Councillors defer decision on Greenway
Councillors agreed to defer any decision on the planned route of the latest section of the Greenway in north Louth.
A report from CEO Joan Martin was before the Dundalk Municipal District meeting, where the preferred route connecting Omeath village to the border was outlined.
This 4.2 kilometre route aims to connect Omeath Pier to the 'County Bridge' along the R173 at the border.
Members heard the route would mainly go through agricultural land and woodland belonging to a number of landowners and generally be situated along the old rail line embankment and the shore of Carlingford Lough.
The meeting was told there were seven submissions made as part of the planning process. These included a number of landowners, and state agencies.
Cllr. Conor Keelan was among those who objected to the proposed route.
He highlighted how the proposed pathway now takes a 'horseshoe route, in part abutting farmer's fields and also borders the public road.'
'From the point of view of public safety and encouraging separate usage, is it not better to clearly separate the greenway route from the public road for different types of route users.'
Speaking at the meeting Cllr. Keelan also asked about the cost of agricultural land which needs to be acquired, in comparison to the cost of land which would otherwise be bought for residential use.
Councillors were told that the greenway is primarily separated from the public road along its route 'save where there is no viable alternative option but to share the surface with the public road.'
Landowners and local residents, a number of whom attended the monthly Municipal meeting also highlighted a range of concerns about the proposed route, including loss of privacy on their property, and security concerns about access to their land.
Speaking at the meeting, Cllr. Erin McGreehan argued that there had been a 'disjoint' in communications with landowners.
She said that they were not against the development of the Greenway, adding: 'There has to be a more fair way that will get this Greenway developed.'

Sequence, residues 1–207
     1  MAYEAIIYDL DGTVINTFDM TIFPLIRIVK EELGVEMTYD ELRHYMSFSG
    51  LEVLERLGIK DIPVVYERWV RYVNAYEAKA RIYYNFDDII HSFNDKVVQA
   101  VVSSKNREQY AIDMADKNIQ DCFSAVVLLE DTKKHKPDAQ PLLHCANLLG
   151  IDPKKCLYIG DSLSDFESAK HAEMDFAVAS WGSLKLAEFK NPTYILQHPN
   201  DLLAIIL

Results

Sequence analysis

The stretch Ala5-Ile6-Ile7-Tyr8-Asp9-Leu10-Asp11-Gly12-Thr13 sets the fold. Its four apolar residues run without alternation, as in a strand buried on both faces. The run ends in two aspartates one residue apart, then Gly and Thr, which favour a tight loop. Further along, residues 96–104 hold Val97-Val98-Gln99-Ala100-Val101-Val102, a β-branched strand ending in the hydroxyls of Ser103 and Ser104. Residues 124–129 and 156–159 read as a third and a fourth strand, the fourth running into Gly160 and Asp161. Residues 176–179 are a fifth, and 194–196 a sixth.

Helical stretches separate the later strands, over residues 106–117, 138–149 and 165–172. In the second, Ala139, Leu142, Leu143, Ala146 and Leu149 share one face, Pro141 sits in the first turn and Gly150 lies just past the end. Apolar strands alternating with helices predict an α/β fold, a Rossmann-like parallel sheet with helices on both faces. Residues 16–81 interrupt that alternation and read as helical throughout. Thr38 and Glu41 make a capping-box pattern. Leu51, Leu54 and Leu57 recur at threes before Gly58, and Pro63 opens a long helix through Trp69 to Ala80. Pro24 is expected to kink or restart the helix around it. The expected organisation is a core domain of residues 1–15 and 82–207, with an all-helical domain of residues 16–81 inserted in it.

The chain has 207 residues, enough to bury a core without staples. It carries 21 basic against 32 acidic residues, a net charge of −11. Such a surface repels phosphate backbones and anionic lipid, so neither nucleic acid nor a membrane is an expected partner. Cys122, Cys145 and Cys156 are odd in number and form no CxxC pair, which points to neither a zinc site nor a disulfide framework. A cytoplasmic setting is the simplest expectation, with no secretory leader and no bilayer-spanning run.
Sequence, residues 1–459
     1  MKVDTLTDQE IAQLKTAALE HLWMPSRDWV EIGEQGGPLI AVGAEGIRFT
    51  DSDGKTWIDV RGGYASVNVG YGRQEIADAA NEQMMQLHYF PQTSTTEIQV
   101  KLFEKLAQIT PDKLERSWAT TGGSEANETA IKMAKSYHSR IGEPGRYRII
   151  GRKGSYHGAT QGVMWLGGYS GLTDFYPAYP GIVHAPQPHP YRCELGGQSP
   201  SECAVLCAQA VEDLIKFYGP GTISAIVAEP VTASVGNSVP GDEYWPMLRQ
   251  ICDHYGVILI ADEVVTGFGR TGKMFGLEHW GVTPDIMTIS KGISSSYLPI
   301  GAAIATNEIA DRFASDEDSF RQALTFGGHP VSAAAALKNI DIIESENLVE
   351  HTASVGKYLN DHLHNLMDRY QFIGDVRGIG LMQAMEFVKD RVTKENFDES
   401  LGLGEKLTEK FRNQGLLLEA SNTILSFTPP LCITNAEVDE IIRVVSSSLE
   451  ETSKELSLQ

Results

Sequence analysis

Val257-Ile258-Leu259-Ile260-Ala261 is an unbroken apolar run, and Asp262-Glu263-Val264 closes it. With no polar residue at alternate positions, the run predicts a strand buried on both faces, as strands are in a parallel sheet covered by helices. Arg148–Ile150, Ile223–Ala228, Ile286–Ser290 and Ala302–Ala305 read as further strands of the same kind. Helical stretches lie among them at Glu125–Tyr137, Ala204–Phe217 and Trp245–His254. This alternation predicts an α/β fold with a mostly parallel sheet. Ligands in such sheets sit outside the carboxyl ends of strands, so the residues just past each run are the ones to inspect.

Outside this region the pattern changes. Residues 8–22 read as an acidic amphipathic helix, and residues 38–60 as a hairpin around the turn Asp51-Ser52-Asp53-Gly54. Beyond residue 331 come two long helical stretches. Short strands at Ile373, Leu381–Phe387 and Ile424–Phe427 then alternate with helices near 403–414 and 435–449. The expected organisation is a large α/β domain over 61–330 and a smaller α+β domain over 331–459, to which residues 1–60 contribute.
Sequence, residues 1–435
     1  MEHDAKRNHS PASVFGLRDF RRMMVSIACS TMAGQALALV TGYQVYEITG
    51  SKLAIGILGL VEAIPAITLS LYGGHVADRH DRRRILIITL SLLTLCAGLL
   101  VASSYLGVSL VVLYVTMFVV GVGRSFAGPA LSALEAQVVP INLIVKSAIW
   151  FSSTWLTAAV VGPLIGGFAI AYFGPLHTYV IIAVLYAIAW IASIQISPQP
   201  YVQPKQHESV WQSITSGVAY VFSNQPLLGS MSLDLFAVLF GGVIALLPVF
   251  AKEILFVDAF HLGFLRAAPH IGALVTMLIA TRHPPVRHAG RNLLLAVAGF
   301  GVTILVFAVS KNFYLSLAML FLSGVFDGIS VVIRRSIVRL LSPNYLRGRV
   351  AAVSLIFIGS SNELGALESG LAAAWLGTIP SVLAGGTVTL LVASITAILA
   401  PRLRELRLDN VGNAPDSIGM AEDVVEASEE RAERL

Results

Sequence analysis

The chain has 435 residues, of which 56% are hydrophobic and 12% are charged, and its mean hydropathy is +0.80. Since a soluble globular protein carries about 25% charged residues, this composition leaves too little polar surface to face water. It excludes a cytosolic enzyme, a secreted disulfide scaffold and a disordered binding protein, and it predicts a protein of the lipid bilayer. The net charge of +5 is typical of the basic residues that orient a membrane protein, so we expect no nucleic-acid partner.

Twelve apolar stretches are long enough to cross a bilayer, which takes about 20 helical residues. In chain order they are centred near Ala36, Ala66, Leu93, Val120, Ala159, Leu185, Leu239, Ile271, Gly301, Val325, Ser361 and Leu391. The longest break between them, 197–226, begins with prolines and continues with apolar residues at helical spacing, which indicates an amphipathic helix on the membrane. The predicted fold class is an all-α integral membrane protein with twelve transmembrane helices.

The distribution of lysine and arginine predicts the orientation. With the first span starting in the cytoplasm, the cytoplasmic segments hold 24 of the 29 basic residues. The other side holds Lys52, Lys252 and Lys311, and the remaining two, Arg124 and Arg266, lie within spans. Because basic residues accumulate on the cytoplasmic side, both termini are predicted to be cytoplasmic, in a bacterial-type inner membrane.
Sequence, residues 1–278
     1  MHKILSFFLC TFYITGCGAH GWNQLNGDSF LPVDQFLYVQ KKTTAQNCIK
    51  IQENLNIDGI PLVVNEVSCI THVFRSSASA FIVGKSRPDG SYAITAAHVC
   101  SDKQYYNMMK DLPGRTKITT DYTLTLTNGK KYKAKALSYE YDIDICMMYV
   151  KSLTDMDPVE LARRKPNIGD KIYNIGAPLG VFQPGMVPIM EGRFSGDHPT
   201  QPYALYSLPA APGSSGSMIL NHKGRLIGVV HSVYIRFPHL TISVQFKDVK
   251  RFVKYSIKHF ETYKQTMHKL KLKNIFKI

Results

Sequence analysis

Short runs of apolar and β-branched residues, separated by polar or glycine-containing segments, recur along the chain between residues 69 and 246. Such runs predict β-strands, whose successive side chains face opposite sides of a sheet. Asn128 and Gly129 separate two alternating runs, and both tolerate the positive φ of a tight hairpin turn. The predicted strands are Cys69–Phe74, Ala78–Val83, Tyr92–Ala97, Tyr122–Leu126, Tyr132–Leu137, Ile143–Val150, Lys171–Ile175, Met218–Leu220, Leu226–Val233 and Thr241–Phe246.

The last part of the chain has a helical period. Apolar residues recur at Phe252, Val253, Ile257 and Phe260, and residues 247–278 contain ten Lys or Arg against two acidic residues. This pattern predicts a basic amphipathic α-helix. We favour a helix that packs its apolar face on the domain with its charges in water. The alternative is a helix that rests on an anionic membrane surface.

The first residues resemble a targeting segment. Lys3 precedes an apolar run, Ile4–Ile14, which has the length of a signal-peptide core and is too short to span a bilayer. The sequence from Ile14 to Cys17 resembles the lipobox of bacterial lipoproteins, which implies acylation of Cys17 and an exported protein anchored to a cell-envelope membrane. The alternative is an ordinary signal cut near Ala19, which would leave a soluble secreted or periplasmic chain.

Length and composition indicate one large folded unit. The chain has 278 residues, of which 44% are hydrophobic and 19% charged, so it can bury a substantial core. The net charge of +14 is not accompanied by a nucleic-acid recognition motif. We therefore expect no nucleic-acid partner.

She proposed that any decision be deferred to allow more time for consultation with landowners.
Chairman, Cllr. John McGahon said his preference would be to defer a decision on the Part 8 'until we have exhausted all avenues in dealing with residents concerns.
Cllr. Maeve Yore asked how many 'fully occupied residencies' were affected in the alternate route.
The meeting heard that 11 residential properties would be affected if the route was changed, and that the council had been advised to go with the 'horseshoe' route as outlined in the CEO's report.
Councillors were told that environmental issues had played a significant role in a preferred route being selected.
Senior Executive Officer, Frank Pentony warned councillors that the legislation around Part 8 planning meant that they would have six weeks after the CEO's report was issued. The latest date for members to make a decision was January 7th 2020.
He added that if any decision was made to amend the route, that would require a new Part 8 process.
The meeting heard that funding for the entire project was secured until 2023, and that this included all construction north and south of the border.
Councillors agreed to defer making a decision on the Part 8 until the January meeting of the Municipal District Committee.